Green public procurement and energy performance contracting: exploring the linkage and improvement opportunities
MetadataVis full innførsel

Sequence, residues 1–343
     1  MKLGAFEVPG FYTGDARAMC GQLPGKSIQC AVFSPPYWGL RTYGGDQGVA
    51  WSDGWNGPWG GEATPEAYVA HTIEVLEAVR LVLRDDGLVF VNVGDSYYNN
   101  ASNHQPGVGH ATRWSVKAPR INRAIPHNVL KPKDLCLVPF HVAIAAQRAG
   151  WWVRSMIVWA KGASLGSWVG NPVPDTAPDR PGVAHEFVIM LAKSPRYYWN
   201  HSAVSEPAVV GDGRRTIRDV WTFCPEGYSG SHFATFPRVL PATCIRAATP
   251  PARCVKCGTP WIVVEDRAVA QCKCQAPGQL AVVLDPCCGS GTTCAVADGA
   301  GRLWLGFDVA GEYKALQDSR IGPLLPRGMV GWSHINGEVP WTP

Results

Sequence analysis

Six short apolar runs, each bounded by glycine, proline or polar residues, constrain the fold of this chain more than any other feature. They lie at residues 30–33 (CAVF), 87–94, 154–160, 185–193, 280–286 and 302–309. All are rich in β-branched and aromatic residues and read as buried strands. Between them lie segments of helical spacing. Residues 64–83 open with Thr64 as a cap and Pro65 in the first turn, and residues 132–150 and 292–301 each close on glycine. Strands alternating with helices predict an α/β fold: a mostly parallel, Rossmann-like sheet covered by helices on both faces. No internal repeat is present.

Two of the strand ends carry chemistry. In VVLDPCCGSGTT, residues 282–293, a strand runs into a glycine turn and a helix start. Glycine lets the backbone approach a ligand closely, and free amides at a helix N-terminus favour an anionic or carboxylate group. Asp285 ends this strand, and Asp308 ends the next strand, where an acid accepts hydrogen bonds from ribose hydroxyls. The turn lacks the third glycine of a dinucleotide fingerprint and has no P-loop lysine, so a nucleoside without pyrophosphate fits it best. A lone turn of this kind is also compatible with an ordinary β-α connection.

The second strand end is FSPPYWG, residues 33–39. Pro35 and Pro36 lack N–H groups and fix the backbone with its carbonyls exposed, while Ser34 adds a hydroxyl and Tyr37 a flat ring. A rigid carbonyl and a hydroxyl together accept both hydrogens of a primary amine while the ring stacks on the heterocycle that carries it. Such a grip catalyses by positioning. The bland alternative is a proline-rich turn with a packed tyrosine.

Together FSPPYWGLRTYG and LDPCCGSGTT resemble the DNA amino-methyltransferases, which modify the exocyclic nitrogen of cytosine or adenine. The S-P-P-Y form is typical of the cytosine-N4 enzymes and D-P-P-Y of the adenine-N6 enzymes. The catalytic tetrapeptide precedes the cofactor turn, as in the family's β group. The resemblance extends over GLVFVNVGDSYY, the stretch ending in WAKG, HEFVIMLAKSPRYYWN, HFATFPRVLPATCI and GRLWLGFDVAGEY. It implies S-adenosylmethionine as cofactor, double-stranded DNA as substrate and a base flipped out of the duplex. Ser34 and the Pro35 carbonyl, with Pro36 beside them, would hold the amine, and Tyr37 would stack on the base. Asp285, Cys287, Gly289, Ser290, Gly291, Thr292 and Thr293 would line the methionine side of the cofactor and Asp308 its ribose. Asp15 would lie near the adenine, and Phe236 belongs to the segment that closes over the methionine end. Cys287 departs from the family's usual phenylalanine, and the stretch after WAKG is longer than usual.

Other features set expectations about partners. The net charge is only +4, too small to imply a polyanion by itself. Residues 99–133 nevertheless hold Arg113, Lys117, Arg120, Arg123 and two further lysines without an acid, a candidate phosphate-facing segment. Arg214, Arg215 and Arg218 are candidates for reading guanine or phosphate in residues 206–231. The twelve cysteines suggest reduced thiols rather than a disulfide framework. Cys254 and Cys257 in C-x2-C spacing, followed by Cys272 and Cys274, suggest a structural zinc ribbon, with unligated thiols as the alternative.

Energy Performance Contracting (EPC) is a method to finance energy efficiency investments from cost savings in the building sector. Under an EPC arrangement, an external organization, an Energy Service Company (ESCO), initiates a project to achieve energy efficiency in a building. It uses the stream of income from the cost savings to repay their investments. ESCOs and EPC are a desirable mechanism to capture cost-effective energy-efficiency potentials with the private sector’s involvement. In public projects, public procurement and green public procurement are the carrying vehicles of EPC where public clients use public procurement procedures and functionalities to select the right ESCO before landing on a suitable EPC agreement. In other words, public procurement is a prerequisite to EPC in public building projects. Though EPC has received much attention in the building sector and can probably be considered among the most effective mechanisms for energy efficiency in the public sector, very few studies have looked at EPC from a public procurement perspective. The current report aims to explore the link between green public procurement (GPP) and energy performance contracting (EPC) and propose improvement opportunities for EPC capitalizing on knowledge and practices derived from GPP. In the current report, we discuss an approach to improve EPC presence in the public and residential sectors. That is, capitalizing on GPP practices, using bundling and scaling up strategies, and managing complexity. First, anchoring EPC projects in GPP will generally improve the project’s environmental performance and ensure the selection of a qualified ESCO, especially since Norway is in an advanced position when it comes to implementing green solutions in public expenditures. Seeing EPC projects as part of the broader public procurement system may bring benefits to EPC’s future in Norway. As a result, positioning EPCs as GPPs will not only benefit the EPCs, by may also lead to an increase in the awareness and acceptance of ESCOs among public and private clients. Second, pooling or bundling renovation efforts into larger blocks can be conducive to benefit from economies of scale. More extensive projects could be used to attract ESCOs in smaller municipalities. Lastly, managing complexity in EPC projects might translate to better collaboration between the involved parties. In other words, knowing when and where to let complexity emerge could probably improve collaboration throughout the stages of EPC projects.